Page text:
Author Topic: Why Teleconference Technology Is Still In The Middle Ages  (Read 266 times)


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Imagine clicking a single link to have a phone conversation with any person or group, on any Internet-connected device, anywhere in the world.

That’s the aim of Speek, a teleconference company that considers the tedious process of dialing phone numbers to be practically medieval. With Speek, you hand out a link like in lieu of a tricky 9-digit number. And unlike some competing apps and services, there’s no clunky software to download first.

Sounds convenient. A little too convenient, perhaps. If we knew there were a way to get around using numbers to reach other people, why doesn’t it already exist?

    As is always the case, there’s not just one reason innovation in telephony has been sluggish. I talked with Speek cofounder and CTO Danny Boice about three of the reasons why.

Clunky Telecom While we think of today’s digital world as something futuristically connected through the Internet, teleconference software hasn’t caught up.

“From the merry old world of copper and the public telephone network to the emerging universe of fiber and Voice over IP, telephony technology innovation still woefully lags behind web and mobile,” said Boice. “They’re still advertising on billboards and radio.”

Every time a developer needs to give a Web application voice or SMS (Short Message Service) capabilities, it involves connecting to these existing copper or fiber wires. APIs from companies like Twilio and Voxeo have made this faster and easier, but not inexpensive, lightweight or absolute.

Speek claims to be based on an API that is all those things. Speek is built on top of Node.js, a server-side version of JavaScript that’s usually used for gaming or Web-based applications, since it’s lightweight and capable of handling a lot of queries without taking up additional memory. Boice says it’s the first time Node.js has been implemented for telephony technology.

Matt Turner, Speek’s Vice President of Engineering, explained that Node.js works well because unlike orderly Java, it’s asynchronous, the better to manage the chaotic, organic nature of human communication.

“With Node.js you have one connection with each person waiting for data, but in an idle sleep state until there’s data to transfer,” he said. “So when one person is listening, it doesn’t transmit that absence of data. It’s great at idling and saving space when there’s nothing for it to do.”

With Node.js powering the API, Speek was free to focus on building an interface that completely takes phone numbers out of the experience without adding bulk.

Traffic Pumping If Node.js works for Speek, there’s nothing to prevent other teleconference providers from harnessing the same computer language for their own products. But because of a mix of complicated reasons involving U.S. telephony regulations, most companies have been able to make an ample profit without spending time on innovation.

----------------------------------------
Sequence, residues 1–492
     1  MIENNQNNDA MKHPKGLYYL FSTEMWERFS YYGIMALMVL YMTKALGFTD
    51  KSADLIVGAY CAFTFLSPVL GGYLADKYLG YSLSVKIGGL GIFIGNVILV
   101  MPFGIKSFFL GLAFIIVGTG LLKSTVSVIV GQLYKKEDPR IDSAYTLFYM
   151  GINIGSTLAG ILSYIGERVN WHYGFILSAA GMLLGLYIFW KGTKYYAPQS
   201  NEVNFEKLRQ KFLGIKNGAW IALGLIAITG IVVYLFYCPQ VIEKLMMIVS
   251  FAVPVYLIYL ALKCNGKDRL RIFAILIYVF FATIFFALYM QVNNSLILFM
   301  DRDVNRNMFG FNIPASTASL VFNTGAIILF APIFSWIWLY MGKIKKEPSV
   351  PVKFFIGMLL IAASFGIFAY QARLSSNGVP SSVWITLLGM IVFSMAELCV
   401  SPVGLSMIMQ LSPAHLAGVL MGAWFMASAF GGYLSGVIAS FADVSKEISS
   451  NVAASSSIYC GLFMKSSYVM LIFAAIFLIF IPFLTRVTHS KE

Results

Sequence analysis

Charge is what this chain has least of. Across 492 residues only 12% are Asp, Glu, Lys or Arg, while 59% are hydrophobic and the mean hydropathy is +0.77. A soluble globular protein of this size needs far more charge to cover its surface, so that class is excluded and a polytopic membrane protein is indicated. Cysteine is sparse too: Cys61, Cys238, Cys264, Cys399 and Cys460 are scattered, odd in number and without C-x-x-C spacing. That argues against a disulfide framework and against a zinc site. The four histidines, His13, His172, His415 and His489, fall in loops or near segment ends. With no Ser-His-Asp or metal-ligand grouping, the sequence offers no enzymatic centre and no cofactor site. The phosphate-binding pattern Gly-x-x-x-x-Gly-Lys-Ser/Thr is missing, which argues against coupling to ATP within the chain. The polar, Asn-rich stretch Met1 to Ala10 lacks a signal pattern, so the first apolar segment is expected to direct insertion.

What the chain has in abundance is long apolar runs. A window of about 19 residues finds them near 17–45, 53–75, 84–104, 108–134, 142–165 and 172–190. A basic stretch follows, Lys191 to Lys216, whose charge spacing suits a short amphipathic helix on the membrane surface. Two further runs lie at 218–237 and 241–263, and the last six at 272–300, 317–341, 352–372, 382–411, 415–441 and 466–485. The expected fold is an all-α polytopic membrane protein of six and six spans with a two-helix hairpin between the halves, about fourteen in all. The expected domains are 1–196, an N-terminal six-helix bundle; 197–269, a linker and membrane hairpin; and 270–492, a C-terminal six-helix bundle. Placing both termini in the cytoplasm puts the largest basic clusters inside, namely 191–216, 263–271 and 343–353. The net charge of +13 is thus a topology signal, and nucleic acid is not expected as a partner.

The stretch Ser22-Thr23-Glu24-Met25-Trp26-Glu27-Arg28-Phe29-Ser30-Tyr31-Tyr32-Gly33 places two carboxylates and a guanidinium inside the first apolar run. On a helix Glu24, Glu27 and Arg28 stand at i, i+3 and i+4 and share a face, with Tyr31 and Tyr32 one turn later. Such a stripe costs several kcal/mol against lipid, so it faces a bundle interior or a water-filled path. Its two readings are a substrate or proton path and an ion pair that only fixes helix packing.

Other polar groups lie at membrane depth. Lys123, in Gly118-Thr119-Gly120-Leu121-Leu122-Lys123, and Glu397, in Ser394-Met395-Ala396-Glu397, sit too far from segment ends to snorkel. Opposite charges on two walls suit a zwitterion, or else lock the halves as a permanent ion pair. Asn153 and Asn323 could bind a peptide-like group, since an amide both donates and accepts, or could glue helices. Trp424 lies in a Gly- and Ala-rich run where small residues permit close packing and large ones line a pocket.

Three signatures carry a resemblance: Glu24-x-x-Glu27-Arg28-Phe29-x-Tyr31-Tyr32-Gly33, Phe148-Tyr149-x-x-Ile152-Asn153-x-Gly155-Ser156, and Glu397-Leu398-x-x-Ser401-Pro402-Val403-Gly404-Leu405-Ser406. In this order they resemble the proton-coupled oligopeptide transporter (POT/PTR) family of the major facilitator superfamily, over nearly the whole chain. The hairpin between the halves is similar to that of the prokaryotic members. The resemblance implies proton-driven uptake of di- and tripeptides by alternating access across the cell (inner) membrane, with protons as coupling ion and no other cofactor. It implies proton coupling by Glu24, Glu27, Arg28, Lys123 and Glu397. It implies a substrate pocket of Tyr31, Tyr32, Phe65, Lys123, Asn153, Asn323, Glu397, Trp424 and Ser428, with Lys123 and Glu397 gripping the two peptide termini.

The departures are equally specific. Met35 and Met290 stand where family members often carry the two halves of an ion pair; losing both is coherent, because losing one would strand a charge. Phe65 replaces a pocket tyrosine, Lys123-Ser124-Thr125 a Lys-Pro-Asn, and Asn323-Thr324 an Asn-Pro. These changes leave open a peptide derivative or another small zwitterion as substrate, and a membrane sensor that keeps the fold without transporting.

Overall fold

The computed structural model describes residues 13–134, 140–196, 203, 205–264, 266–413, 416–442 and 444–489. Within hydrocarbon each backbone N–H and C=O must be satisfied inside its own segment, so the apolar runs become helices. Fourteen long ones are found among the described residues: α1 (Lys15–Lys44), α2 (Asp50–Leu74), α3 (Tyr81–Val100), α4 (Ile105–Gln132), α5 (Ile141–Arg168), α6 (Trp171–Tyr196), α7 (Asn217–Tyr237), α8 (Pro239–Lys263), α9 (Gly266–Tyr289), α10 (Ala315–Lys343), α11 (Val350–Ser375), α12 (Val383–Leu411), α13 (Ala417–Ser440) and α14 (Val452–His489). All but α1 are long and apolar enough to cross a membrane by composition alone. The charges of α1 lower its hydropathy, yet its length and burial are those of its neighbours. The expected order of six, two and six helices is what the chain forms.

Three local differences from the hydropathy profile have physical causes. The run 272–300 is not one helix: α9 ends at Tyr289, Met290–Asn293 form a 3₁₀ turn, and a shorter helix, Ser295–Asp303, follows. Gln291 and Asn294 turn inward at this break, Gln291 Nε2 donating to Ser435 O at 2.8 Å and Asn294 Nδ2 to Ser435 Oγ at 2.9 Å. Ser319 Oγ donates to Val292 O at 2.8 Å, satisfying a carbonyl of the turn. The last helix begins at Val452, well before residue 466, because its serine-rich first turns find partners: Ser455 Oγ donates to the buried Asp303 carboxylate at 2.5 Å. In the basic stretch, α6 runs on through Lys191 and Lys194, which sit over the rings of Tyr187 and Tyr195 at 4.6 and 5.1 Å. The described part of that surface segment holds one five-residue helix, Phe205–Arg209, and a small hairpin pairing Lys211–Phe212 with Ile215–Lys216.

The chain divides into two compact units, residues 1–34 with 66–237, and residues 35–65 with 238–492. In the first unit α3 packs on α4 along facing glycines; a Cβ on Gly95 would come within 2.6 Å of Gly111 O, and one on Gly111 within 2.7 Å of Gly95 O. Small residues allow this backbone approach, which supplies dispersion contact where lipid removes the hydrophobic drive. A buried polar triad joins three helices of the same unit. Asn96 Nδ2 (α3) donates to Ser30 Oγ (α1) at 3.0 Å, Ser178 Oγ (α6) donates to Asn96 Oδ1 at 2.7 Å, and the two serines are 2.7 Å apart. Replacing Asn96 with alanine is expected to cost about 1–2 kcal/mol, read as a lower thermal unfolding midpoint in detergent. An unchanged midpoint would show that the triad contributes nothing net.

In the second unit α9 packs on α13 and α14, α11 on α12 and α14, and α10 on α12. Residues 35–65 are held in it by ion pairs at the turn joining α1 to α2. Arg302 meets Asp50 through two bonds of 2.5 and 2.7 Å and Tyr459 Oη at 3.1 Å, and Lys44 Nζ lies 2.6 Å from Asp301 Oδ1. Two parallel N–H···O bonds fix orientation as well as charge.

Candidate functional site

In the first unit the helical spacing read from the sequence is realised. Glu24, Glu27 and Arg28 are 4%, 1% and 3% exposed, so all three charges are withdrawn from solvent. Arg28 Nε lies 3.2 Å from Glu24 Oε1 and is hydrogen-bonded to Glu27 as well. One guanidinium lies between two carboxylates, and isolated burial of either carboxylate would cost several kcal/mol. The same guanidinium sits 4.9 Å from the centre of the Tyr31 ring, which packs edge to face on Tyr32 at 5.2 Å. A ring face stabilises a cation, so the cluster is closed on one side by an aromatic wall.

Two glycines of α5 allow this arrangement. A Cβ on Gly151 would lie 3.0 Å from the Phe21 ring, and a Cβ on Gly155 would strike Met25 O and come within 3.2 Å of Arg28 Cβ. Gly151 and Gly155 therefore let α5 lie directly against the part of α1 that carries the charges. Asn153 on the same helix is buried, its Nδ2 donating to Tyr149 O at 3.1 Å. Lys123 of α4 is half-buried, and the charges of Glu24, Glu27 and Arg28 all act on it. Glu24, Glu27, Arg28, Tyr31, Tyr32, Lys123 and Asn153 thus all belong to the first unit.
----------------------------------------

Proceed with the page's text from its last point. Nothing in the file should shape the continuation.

Have you ever wondered how companies like make money, if they’re well, free? It’s all thanks to a controversial (and soon to be outlawed) practice called “traffic pumping.”

As part of the Telecommunications Act of 1996, the FCC allows rural telephone carriers to charge significantly higher access fees than carriers in urban areas. This is because they’re supposedly paying higher infrastructure costs for lower call volumes. But in order to increase that call volume, some carriers partner with teleconference companies, 900 numbers and others, then divvy up that higher fee among themselves. Because of the Act, traffic pumping and free calls are a practice unique to the U.S.

The FCC has recently caught on to the practice and has adopted rules designed to prevent it in the future, mainly through formal complaints.

“Companies haven’t innovated because they haven’t had to. Nobody's forced their hands,” said Boice. “[But] this new legislation completely disrupts the existing business model.”

Bulky Web Apps If you’re already using an app like Skype, Fuze or Google Talk, it may not feel like there’s much incentive to stop. What Boice hopes is that users of existing apps will get tired of their size and lack of versatility.

“With Skype you have to download a big, fat client, connect with people before you even talk with them, and be forever alerted when they sign on even if you only talk once,” he said. “With Speek there’s no friction. You don’t have to register, connect, install or ever talk to that person again.”

Speek takes simplicity to an extreme. So far, the company is undecided about whether it will even ever support video chat.

“Video is one of those cool to have features, but computer lag is directly corollary to video,” he said. “And it’s a potentially bad user experience—we’re not all sitting on brand-new Macbook Pros.”

Skype will continue to be one of Speek’s most well-known competitors. But Boice said he’s disappointed in the turn the Microsoft-bought service has taken.

“We talk to the Microsoft team a lot,” he said. “They’re so focused on integrating Skype with other Microsoft products that they’re not working on innovation.”

Even in the digital age, telecommunications progress is slow. But as Speek and its competitors vie for consumer attention, it just might crawl into the present.

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